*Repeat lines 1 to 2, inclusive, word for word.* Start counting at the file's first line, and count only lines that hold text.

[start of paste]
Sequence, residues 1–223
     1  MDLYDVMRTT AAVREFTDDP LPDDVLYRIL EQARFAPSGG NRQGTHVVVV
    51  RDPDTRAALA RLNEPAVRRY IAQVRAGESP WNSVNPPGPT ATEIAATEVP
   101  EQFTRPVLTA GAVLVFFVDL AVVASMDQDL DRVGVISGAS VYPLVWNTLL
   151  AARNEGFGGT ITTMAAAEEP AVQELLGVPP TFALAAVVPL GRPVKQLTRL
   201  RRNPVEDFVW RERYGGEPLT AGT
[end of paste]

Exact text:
Sequence, residues 1–223
     1  MDLYDVMRTT AAVREFTDDP LPDDVLYRIL EQARFAPSGG NRQGTHVVVV